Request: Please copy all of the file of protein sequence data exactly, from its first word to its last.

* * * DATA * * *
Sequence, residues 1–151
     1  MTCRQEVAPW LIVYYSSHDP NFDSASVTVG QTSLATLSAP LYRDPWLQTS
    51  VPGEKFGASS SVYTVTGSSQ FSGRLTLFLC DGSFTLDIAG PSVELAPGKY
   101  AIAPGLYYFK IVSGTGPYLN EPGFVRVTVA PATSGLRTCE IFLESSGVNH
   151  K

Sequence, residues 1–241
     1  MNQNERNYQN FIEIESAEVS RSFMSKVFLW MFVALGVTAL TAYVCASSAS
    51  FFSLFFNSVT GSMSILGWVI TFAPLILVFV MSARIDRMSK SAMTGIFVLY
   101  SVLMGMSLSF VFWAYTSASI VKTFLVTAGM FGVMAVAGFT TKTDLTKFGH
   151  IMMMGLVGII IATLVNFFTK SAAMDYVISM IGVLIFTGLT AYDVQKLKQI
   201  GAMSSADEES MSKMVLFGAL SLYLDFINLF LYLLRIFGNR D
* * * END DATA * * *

Sequence, residues 1–151
     1  MTCRQEVAPW LIVYYSSHDP NFDSASVTVG QTSLATLSAP LYRDPWLQTS
    51  VPGEKFGASS SVYTVTGSSQ FSGRLTLFLC DGSFTLDIAG PSVELAPGKY
   101  AIAPGLYYFK IVSGTGPYLN EPGFVRVTVA PATSGLRTCE IFLESSGVNH
   151  K

Sequence, residues 1–241
     1  MNQNERNYQN FIEIESAEVS RSFMSKVFLW MFVALGVTAL TAYVCASSAS
    51  FFSLFFNSVT GSMSILGWVI TFAPLILVFV MSARIDRMSK SAMTGIFVLY
   101  SVLMGMSLSF VFWAYTSASI VKTFLVTAGM FGVMAVAGFT TKTDLTKFGH
   151  IMMMGLVGII IATLVNFFTK SAAMDYVISM IGVLIFTGLT AYDVQKLKQI
   201  GAMSSADEES MSKMVLFGAL SLYLDFINLF LYLLRIFGNR D